Malmuria Grant-Patel has come to rural Nova Scotia to investigate the mystery of Mercy Lake. A podcaster and short-story writer, Mal believes that if she is able to get to the bottom of what happened at the lake’s now burned-out lodge in the 1980s, her life will have meaning beyond its current meandering trajectory. Subject to anonymous threats and without much to go on, the intrepid would-be journalist soon feels out of her element, trying and failing to get answers about a mysterious men’s group in a town determined to keep its secrets buried.
Integral to Mercy Lake’s spotty history is Stella Sprague, now in middle age, unable to speak and living with the ramifications of a traumatic brain injury from childhood. Stella has resided at the Jericho County Care Centre for most of her adult life, struggling with the spectre of faded memories and finding vital comfort in her friendship with Dianne, an elderly resident at the home.
The third novel from Nova Scotia writer Christy Ann Conlin shuttles between the past, focused on Stella’s violence-plagued youth, and a post-pandemic 2021. The scenes in this narrative present lend a foretaste of how the lasting reverberations of COVID-19 might appear in literature, the virus lingering in the background and a concentration on what has been endured and lost. The new reality of Plexiglas screens and hand sanitizer only compounds the general sense of anxiety, highlighting the female characters’ resilience.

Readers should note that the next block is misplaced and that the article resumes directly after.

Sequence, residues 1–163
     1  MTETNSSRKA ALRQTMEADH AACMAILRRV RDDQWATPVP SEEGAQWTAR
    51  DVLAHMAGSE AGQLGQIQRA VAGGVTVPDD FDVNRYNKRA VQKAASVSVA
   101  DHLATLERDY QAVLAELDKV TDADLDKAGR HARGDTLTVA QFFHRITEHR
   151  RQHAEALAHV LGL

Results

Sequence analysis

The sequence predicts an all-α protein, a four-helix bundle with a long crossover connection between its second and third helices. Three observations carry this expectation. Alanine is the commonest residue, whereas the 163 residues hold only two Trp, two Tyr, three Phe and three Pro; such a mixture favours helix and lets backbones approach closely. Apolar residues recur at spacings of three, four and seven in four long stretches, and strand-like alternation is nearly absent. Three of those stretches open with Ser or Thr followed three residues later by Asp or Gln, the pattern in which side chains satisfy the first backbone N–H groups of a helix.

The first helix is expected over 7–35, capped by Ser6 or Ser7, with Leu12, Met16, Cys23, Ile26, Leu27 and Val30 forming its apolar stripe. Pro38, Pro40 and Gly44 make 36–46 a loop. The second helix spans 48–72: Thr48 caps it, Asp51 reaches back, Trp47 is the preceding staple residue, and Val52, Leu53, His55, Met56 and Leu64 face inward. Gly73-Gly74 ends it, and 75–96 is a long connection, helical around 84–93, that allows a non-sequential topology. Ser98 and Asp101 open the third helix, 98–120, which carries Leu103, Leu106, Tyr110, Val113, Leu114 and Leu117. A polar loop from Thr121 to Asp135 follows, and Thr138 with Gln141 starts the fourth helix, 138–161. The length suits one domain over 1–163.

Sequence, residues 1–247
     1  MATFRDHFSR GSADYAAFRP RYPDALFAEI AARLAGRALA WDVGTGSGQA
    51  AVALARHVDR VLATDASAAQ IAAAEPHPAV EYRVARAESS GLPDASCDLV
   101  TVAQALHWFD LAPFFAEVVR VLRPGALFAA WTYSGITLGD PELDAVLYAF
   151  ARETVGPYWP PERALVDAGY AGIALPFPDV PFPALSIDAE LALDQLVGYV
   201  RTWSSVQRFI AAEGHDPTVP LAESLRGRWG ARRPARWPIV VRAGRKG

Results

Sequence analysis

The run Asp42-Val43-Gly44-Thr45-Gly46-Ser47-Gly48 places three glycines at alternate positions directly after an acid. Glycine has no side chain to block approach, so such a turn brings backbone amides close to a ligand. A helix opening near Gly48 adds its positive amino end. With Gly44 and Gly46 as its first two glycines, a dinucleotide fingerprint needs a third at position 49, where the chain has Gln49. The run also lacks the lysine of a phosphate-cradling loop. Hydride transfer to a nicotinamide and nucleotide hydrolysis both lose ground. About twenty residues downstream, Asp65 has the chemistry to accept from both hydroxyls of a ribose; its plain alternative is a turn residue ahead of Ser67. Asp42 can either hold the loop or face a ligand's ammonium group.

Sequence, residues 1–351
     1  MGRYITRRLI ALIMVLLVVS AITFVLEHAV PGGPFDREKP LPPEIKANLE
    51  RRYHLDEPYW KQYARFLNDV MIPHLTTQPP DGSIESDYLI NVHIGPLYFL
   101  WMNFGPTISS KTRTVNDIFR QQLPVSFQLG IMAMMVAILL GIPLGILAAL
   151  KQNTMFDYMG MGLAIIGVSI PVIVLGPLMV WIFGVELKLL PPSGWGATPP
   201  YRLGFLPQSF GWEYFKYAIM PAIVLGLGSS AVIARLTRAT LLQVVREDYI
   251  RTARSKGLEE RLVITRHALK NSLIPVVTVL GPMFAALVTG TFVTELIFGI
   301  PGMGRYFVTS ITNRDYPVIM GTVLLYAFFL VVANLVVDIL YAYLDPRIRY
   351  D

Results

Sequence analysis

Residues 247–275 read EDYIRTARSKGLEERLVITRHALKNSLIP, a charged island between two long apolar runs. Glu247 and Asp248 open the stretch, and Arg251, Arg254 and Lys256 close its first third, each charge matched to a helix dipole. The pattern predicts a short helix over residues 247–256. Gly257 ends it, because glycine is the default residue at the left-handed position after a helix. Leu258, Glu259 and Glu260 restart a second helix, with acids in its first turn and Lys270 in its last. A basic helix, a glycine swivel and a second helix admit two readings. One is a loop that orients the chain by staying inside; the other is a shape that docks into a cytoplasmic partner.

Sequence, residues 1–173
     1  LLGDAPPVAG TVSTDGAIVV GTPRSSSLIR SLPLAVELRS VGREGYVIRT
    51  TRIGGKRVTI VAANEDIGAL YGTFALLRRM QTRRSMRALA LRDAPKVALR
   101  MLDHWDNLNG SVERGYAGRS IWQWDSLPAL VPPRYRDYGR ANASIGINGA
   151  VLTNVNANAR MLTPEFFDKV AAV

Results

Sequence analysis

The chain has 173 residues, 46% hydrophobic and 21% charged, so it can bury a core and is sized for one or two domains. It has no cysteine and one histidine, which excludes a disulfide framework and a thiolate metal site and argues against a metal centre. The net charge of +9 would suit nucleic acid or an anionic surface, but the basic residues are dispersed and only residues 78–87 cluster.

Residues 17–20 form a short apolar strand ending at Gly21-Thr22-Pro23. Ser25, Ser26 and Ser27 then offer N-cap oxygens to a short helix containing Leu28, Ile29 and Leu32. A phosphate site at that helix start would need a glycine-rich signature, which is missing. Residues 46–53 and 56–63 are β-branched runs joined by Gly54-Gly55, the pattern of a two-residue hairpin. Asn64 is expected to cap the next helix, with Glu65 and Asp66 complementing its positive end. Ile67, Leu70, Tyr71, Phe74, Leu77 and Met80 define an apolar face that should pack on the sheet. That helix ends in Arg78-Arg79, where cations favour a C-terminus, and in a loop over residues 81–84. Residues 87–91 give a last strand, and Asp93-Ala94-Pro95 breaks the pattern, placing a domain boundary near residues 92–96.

Because the women in the novel do the bulk of the telling, the reader becomes keenly aware of the various ways women are mistrusted, disbelieved, and dismissed at every age and stage. Through Stella’s flashbacks, Conlin captures the groping frustration and general helplessness of female adolescence, especially when confronted by men’s brutality. The novel also invites a critique of how we treat people living with mental health issues: by cruelly weighing the veracity of their stories, questioning the extent to which they have been victimized, and debating who is really to blame for their situation.
The Speed of Mercy offers a respite from the subject of gendered violence via its depiction of the intergenerational spaces women create to keep each other safe. The comforts of traditional domesticity appear throughout – there are baked goods, teas, and jams but also the infusion of a uniquely feminine magic conjured by way of long-forgotten remedies and cures.
While Stella’s story emphasizes that secrets and shame have the power to destroy, her character arc reveals that listening provides a fundamental path to resolution. When Stella eventually regains her voice, she poignantly asks, “Why is it my job to remember?” With this, Conlin beautifully emphasizes the unfair burden placed on victims to find their own justice and the fundamental lack of support they are offered. Written with the intrigue of a thriller and executed with the mystical grace of poetry, The Speed of Mercy is a fierce and thoughtful novel about trauma, healing, and the tender covenant made between survivors.